Two of the world’s largest hotel chains hope to take some of the headaches out of high tech.

InterContinental Hotels Group PLC and Marriott International Inc. have embarked on projects designed to simplify information technology functions at their properties. InterContinental’s “Hotel in a Box” will revamp the selection and installation of high-tech components in new hotels by grouping those tasks under one vendor, IBM Corp.

Meanwhile, Marriott’s “Clear Sky” aims to unite the employee and guest IT networks within a property. Marriott is piloting Clear Sky at its new Renaissance Boston Waterfront Hotel. AT&T Corp. is overseeing the Boston project and is poised to be the go-to vendor for Clear Sky at other properties.

InterContinental and Marriott are at the forefront of addressing a major source of frustration – IT – among hotel operators large and small around the world, particularly as hotel technology evolves. Results of a survey released earlier this year by the American Hotel & Lodging Association indicate that systems integration – the marriage of hardware and software products from a variety of vendors – ranks among the top IT issues for hotel executives.

Years of effort to more easily integrate systems from different vendors have not had the desired effect on hotel operations, according to a report on the survey results. From the operators’ perspective, the systems data apparently is not integrating in a way that is useful.

Across the board, hotel chains like InterContinental and Marriott are grappling with how to incorporate IT innovations into their properties.
“What we’re seeing as a trend is much more recognition that the value of the innovations is potentially less in the innovations themselves and more in the ability to get them to agree with the systems that are already in place,” says Douglas Rice, executive vice president and CEO of Hotel Technology Next Generation, a Schaumburg, Ill.-based trade association.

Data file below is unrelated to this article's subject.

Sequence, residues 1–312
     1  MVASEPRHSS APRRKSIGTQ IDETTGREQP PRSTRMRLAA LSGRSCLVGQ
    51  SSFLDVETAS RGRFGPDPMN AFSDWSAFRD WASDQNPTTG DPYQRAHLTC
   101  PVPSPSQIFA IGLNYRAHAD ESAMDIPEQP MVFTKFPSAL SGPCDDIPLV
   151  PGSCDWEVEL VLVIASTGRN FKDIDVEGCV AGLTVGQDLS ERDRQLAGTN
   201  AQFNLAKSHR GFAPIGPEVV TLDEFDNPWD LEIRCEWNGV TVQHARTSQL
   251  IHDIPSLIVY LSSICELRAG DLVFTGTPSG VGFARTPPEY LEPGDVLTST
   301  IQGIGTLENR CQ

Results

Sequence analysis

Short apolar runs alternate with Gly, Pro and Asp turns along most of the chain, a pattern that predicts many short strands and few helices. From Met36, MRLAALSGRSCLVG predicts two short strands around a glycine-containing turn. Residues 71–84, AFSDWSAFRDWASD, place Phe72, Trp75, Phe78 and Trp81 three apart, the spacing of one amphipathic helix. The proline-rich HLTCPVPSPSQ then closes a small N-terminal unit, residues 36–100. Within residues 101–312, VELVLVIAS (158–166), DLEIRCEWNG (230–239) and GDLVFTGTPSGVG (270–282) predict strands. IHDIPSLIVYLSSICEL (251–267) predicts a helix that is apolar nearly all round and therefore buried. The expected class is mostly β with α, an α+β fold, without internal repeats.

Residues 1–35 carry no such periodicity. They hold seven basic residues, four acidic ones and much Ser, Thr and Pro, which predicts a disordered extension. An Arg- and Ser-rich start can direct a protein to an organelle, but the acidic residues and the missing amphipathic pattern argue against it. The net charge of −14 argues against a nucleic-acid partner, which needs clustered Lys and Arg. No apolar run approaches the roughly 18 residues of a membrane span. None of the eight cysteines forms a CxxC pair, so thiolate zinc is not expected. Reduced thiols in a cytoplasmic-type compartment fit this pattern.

At InterContinental, the first phase of Hotel in a Box is scheduled to kick off this fall, says Gustaaf Schrils, the company’s vice president of hotel technology and services. Systems that will be bundled under IBM’s direction include telecommunications, property management, wired and wireless, video surveillance and electronic door locking. Energy management and point-of-sale systems aren’t part of the initial setup, Schrils says, but they are likely to be added later.

Typically, a hotel operates with dozens of separate IT components. As it stands now, when an owner contracts with each IT vendor individually, it causes confusion about which IT systems and service providers to choose, says Schrils. Just as a general contractor supervises construction of a hotel, IBM will manage assembly and installation of IT systems for InterContinental.

The nearly 4,000 hotels under the InterContinental name encompass seven brands: InterContinental, Crowne Plaza, Hotel Indigo, Holiday Inn, Holiday Inn Express, Staybridge Suites and Candlewood Suites. The first phase of Hotel in a Box affects only new limited-service properties in the United States. IBM is looking at IT retrofits for existing hotels as well, Schrils says.

Schrils envisions cost savings for InterContinental’s hotels as a result of streamlined IT procurement, consolidation of scattered IT applications onto a single computer server, decreased demand for IT labor and a reduction in help-desk calls.

Streamlining also is one of the goals of Marriott’s Clear Sky. Today, numerous networks – or “clouds” – support different IT functions at Marriott hotels, requiring a great deal of management and maintenance. With Clear Sky, those “clouds” will be cleared, as the IT networks for employees and guests will operate as one.

Clear Sky will allow Marriott hotels to easily embrace IT advancements, such as IP-based guest phones and Internet-based TV services, says Ed Goldman, vice president of technology strategy at Marriott. One of the benefits can already be seen at the new Boston hotel: Employees now can control IT bandwidth in meeting rooms based on the demands of groups occupying the space, says Page Petry, senior vice president of information resources at Marriott. Brands in the Marriott family of more than 3,000 properties include Marriott, JW Marriott, The Ritz-Carlton, Renaissance, Residence Inn, Courtyard, TownePlace Suites, Fairfield Inn, SpringHill Suites and Bulgari.

The Clear Sky pilot in Boston is set to wrap up in August. Then, the project should be “ready for prime time” at other Marriott properties, Goldman says. Both new and existing hotels are expected to get the Clear Sky treatment.